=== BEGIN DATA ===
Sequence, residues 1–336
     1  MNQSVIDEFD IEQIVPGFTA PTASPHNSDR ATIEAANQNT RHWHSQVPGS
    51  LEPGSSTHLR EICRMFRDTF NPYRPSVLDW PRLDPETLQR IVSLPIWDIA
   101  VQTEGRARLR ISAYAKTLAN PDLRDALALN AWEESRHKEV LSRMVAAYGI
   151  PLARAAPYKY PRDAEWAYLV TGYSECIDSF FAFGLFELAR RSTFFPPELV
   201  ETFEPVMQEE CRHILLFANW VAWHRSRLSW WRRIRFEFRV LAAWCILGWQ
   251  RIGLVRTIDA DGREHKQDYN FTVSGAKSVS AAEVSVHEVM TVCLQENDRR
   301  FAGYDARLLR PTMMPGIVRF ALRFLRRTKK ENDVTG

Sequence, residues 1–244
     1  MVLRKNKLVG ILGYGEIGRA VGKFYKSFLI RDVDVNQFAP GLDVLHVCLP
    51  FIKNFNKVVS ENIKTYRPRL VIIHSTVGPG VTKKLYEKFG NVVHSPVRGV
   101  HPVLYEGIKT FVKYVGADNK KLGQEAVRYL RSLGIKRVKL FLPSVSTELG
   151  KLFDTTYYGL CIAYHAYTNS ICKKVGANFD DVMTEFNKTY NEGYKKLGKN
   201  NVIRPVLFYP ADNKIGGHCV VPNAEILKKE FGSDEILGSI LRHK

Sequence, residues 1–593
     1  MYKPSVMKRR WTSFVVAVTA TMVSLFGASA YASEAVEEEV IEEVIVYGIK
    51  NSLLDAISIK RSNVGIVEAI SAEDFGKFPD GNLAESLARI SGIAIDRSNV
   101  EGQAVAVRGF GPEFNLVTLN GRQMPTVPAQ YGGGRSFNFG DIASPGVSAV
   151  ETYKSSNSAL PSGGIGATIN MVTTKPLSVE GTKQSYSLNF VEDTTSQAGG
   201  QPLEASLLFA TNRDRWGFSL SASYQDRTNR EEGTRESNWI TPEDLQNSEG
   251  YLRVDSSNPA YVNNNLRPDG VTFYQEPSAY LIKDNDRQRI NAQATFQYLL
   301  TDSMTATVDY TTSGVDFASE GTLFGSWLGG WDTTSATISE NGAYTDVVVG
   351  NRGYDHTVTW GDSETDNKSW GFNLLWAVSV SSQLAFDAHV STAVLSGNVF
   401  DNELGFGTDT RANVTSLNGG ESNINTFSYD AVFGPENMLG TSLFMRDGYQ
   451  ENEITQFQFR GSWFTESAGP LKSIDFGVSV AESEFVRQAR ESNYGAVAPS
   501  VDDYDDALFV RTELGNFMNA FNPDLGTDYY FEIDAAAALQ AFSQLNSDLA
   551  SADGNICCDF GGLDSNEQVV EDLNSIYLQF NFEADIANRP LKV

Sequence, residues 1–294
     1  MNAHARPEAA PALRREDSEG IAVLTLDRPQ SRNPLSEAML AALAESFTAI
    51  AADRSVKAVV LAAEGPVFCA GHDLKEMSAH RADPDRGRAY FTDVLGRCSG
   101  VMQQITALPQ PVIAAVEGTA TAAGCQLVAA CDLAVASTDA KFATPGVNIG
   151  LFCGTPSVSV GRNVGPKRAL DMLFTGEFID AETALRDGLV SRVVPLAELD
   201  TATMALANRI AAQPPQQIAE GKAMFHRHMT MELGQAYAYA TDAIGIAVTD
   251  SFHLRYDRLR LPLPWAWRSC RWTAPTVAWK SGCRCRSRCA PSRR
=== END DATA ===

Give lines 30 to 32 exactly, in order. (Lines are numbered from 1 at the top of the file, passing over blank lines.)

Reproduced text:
    51  AADRSVKAVV LAAEGPVFCA GHDLKEMSAH RADPDRGRAY FTDVLGRCSG
   101  VMQQITALPQ PVIAAVEGTA TAAGCQLVAA CDLAVASTDA KFATPGVNIG
   151  LFCGTPSVSV GRNVGPKRAL DMLFTGEFID AETALRDGLV SRVVPLAELD